In a small study, researchers interviewed boys who are good students and who play computer games. The boys said they appreciate when their parents initiate activities that get them out of their rooms.

Boys who spend all their time gaming: A huge social experiment with unknown consequences

Even boys with good grades in high school spend almost all their free time gaming. They’re pretty relaxed when it comes to homework, a new study shows.

On average, boys get worse grades than girls in school. At the same time, research shows that they spend less time than their female peers on homework and more time on computer games.

In a new scientific article published in the Nordisk tidsskrift for ungdomsforskning (Nordic Journal of Youth Research), two sociologists have delved into how much time boys spend on homework and computer games.

Karolin Elisabeth Moberg has interviewed boys and their mothers about computer gaming.

Concerns about children and young people's time spent on gaming are frequently raised in the public debate and around the dinner tables in Norwegian homes. Despite this, there is very little research that has looked at this connection in the past.

Life is about computer games

The article is based on interviews that Karolin Elisabeth Moberg did when she wrote her master's thesis at the University of Bergen (UiB). She now works as a scientific assistant at NOVA, a social science research institute based at Oslo Metropolitan University, OsloMet.

Kristoffer Chelsom Vogt, a professor and head of department at the Department of Sociology at UiB, wrote the article with Moberg. It is based on interviews with eight high school boys and four of their mothers.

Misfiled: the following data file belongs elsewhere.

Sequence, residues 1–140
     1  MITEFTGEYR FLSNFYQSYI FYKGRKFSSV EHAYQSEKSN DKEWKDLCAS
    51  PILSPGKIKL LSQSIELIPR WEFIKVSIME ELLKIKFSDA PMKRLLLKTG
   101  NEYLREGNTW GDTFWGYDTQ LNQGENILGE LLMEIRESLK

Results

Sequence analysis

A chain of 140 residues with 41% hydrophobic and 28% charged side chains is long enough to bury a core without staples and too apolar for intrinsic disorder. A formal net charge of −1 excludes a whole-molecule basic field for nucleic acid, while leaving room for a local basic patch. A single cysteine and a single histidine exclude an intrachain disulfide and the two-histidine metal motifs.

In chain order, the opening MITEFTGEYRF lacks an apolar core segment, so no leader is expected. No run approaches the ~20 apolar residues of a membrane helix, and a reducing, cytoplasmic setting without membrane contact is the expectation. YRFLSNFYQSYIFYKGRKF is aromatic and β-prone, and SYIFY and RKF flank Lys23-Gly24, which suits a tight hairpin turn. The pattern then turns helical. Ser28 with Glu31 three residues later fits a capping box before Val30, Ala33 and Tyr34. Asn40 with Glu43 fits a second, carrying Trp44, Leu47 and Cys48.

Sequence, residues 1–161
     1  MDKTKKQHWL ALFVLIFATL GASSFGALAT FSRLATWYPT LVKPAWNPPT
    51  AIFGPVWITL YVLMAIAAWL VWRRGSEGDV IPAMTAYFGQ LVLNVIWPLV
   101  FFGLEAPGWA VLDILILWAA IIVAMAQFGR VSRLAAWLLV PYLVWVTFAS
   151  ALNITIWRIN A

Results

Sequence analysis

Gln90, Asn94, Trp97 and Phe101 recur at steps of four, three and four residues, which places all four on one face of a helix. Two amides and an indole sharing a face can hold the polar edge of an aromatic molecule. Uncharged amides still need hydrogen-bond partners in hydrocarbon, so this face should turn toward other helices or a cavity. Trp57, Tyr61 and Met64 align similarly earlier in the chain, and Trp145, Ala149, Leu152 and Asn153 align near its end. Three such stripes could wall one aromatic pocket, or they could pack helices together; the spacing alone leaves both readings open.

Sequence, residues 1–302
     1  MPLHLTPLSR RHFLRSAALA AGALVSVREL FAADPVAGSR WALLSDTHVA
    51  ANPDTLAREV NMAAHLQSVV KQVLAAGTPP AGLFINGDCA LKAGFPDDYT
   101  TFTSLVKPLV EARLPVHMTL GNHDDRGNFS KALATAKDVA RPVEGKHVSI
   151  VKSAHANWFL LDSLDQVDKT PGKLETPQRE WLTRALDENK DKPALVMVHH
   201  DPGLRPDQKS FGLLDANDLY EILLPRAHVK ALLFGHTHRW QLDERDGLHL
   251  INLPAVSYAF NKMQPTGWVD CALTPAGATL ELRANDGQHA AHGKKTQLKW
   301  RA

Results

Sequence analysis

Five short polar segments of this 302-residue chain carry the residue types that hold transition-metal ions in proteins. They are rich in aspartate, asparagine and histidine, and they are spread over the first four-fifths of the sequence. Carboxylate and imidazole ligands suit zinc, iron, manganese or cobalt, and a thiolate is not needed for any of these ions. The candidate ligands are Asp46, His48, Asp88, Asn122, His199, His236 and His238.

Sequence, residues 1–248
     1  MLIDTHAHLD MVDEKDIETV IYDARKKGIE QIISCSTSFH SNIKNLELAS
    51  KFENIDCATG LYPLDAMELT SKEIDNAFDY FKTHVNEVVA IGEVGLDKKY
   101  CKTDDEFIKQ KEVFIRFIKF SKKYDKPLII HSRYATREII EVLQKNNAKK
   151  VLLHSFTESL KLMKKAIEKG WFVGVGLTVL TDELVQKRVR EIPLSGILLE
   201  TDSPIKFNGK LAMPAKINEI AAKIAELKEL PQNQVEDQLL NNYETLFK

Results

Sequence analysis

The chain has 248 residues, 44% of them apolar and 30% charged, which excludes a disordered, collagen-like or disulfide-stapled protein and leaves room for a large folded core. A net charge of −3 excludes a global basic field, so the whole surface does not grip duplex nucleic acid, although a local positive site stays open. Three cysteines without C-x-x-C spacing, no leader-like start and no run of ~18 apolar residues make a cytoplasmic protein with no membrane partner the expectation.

Researchers are most often interested in the boys who don’t do so well at school for these kinds of studies.

However, in this small, qualitative study, the researchers wanted to study ‘ordinary’ boys who play computer games.

This group, they believe, has been overlooked in the past.

None of these boys are poor students. Their grades were above average, equivalent to four in the Norwegian grade point system.

But their free time was mostly just spent on computer games.

“They used almost all their free time to play, from the time they got home from school until they went to bed in the evening,” Moberg said.

Almost all boys are gamers

The boys she interviewed may not be that unusual.

Almost all boys in Norway of this age spend time on computer games every day, large, quantitative surveys show.

Girls also spend some time on computer games during their childhood, but with age this gap in gaming time gets bigger and bigger.

A survey called Ungdata from 2019 showed that 70 per cent of Norwegian boys at upper secondary school spend at least an hour every day on computer games, compared to 28 per cent of girls.